Ramero built his life in a similar ramshackle manner to his house. During his first few years he says he lived on the streets and owned nothing, not even clothes. At this young age, Ramero decided he wanted a better life. From the age of three until he was 14, he only owned one set of clothes and one pair of shoes and worked in his uncle’s garage as an unpaid apprentice, watching and learning everything. At 15, he began to earn small tips and wages. Now, Ramero owns two businesses, two houses, four trucks, and provides for his wife, five children—two with plans to attend college in the big city—one grandchild and two ravenous bicyclists.
Ramero and Yolanda are very proud of the life they’ve built, although they’re concerned about the community. According to them, there are too many young males intoxicated on rum or coca leaves, too many pregnant teenagers, and, generally, the neighbors are too content to drink yerba mate (tea) and watch life pass their doorstep. Going against the trend of drugs and social welfare, Ramero and Yolanda continue to build a life for themselves, their family and their community.
There doesn’t seem to be anything Ramero can’t do. He can shovel tons of mud, whereas I can barely sink the spade into the ground. With enviable charisma, he entices the local children to happily wash our bicycles. He fixes my bicycle rack, which three other mechanics couldn’t fix. He studies English with his children. And, one afternoon, we go fishing in a small stream. In one motion, Ramero hooks a tiny piranha and sends it flying over his shoulder to land in or near the bucket. (Dennis catches a few piranhas. I only have nibbles, and nearly fall into the stream.) I think we’re going to eat a bucket of piranha for dinner. Soon, though, we switch fishing holes to a raging, muddy river on the opposite bank from Paraguay and use the piranhas for bait. Ramero hooks two, large, feisty catfish, enough to feed the whole family. I desperately want to contribute a fish to the family, but I only succeed in losing my bait and hooking sunken branches. Ramero pats me on the shoulder, “Don’t worry. Next time.”
That night, as during every meal, Yolanda serves Dennis and me first—in this case, a pile of steaming fried catfish, french fries and salad. Yerba mate and long conversations follow every candlelit meal. (At this time of day, the power is rotated to another community.) If the family doesn’t ask us about our bicycle trip, Ramero jokes about how pathetic we looked drenched in mud. He also enjoys telling stories about the wild animals in the Chaco: pumas, piranhas, spiders and anacondas so gigantic that a truck could run over them and they wouldn’t even wake. According to Ramero, all the wild critters prefer white meat, meaning the crazy gringo bicyclists that camped several nights in the Chaco.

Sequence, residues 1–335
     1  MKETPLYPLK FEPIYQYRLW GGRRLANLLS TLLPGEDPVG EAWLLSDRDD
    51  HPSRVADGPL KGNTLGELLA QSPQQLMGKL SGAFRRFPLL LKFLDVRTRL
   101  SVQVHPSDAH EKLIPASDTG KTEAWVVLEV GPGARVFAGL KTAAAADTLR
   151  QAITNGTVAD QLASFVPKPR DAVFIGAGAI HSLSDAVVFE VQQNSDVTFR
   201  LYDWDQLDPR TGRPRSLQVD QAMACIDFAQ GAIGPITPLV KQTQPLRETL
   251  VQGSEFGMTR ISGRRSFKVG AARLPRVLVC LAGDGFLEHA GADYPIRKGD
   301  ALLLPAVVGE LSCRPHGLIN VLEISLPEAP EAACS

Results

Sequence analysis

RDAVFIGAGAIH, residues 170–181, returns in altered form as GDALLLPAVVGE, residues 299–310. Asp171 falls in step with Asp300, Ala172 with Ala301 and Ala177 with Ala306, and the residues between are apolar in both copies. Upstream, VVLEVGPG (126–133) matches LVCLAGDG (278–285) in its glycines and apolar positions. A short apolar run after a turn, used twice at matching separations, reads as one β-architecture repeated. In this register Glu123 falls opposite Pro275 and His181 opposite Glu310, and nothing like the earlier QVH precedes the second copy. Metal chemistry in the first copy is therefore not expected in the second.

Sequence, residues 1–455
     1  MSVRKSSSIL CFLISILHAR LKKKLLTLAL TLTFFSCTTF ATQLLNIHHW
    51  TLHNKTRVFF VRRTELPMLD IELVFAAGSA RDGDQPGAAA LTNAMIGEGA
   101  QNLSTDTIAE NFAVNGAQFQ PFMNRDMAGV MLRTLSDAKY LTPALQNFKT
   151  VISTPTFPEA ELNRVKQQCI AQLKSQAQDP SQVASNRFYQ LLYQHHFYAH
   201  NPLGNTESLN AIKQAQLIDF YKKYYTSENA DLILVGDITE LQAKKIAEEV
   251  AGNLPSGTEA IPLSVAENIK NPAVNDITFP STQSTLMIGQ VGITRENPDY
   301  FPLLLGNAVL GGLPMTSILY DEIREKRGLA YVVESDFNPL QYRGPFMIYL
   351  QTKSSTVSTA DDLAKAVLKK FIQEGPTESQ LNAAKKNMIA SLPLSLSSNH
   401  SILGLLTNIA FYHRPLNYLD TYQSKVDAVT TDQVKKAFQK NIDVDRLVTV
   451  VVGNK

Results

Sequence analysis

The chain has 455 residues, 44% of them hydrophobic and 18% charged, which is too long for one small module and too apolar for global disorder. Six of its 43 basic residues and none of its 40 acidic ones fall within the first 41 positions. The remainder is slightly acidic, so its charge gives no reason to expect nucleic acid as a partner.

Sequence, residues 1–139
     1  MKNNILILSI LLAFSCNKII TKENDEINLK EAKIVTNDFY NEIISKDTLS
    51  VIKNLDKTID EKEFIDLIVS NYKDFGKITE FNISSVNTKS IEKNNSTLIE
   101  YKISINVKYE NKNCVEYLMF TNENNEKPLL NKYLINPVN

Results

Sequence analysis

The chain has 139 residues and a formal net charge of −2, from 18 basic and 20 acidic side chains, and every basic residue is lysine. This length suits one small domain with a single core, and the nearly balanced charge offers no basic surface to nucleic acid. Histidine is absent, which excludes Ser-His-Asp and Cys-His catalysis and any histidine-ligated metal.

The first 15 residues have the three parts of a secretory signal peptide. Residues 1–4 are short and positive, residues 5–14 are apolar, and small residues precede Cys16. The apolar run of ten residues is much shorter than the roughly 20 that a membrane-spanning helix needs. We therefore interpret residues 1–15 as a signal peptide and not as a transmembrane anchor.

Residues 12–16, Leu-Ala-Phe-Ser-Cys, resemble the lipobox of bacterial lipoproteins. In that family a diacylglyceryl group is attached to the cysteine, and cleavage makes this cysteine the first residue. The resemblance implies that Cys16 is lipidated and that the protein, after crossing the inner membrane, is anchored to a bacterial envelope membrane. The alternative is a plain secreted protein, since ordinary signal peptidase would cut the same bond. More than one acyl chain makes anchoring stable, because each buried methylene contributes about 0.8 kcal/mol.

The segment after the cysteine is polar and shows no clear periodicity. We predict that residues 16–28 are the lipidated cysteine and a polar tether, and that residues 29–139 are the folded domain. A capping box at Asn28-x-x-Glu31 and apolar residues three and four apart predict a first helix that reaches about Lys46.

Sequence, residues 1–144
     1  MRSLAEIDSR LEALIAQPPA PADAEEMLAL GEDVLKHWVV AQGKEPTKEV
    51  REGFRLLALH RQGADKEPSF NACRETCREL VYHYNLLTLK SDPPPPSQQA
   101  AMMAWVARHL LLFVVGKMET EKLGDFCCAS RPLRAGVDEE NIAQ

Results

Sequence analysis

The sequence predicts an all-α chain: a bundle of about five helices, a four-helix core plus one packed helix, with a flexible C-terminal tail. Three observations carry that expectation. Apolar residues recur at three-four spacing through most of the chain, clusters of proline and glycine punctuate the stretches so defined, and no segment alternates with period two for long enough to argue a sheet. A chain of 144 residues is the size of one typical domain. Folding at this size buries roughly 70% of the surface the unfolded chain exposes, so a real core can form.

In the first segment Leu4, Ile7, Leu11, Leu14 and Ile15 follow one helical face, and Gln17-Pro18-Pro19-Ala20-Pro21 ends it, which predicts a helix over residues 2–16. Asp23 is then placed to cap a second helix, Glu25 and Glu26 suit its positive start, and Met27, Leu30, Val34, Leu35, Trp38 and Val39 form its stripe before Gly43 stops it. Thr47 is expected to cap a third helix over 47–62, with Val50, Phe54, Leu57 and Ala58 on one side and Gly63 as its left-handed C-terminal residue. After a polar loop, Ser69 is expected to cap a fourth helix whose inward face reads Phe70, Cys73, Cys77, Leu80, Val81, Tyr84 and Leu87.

Every day Dennis and I entertain groups of visitors. On the first day, we meet the community elders, teachers and priests; the second day is filled with local businessmen and students; and the third day, a group of young, single women arrive; and the whole time we’re surrounded by children. Some people, too shy to venture inside the house, wait outside for a glimpse of us strangers. We also have many appointments: running errands with Patricia to meet the community; participating in bicycle races with the kids; watching the local football game; giving a two-hour lecture for the high school students; and visiting a charity organization that is building houses for the locals despite what the locals really need and want are jobs.
In Ecuador, I met a missionary who helped build latrines for the locals when they really needed storage houses. So, the locals ended up using the latrines to store their corn and the cornfields as toilets. The missionary explained that the indigenous population hasn’t adapted their nomadic lifestyle to the sedentary lifestyle of farms and industry and the arbitrary political borders. Traditionally, these people worked hard to earn their food—hunting, gathering and trading. Nowadays, food is piled high on street vendors’ tables; being farmed or growing semi-wild alongside the road; or running around the streets (many of the foods come from the domesticated plants and animals the European settlers brought). Likewise, shelter and clothing are readily available, handed down through the generations or provided by international aid. In this modern age it’s easy for people to meet their basic survival needs, especially if they have no ambition—we’re told that the indigenous people have had the ambition crushed out of them, first by the Spanish conquistadors, then by the Western World and now by their own greedy and corrupt governments.
On the morning of the fourth day, the roads are dry enough to risk taking a bus to Juarez, though Ramero won’t be joining us because the banks are still closed. Dennis and I profusely thank Ramero. Grinning as usual, he says, “No. Thank you for showing my village and my children that the impossible is possible.” Ramero chuckles and rubs his tummy, “Muy loco biciclistas.”
Weeks later, we reach Buenos Aires, “civilization,” the land of convenience, where money can purportedly buy anything and solve any problem. I’ve found my steak that hangs over the edge of the plate, bought some new clothes and gotten a haircut; but, now what I think about is taking the bus out of Ramero’s village and seeing his youngest son, Pablo leading the charge out of the classroom. The class must’ve been waiting for hours to throw themselves up and over the fence and chase us down the street to wave goodbye one last time.
Postscript: As I mentioned above, the heart-warming events in this story led to being the Cultural Ambassador to Argentina by the U.S. Dept. of State. If you happen to be in Argentina, please mention that I’d like to meet Pablo again someday, and tell him how his family’s generosity went on to inspire thousands.
Learn more about The Search for Pablo.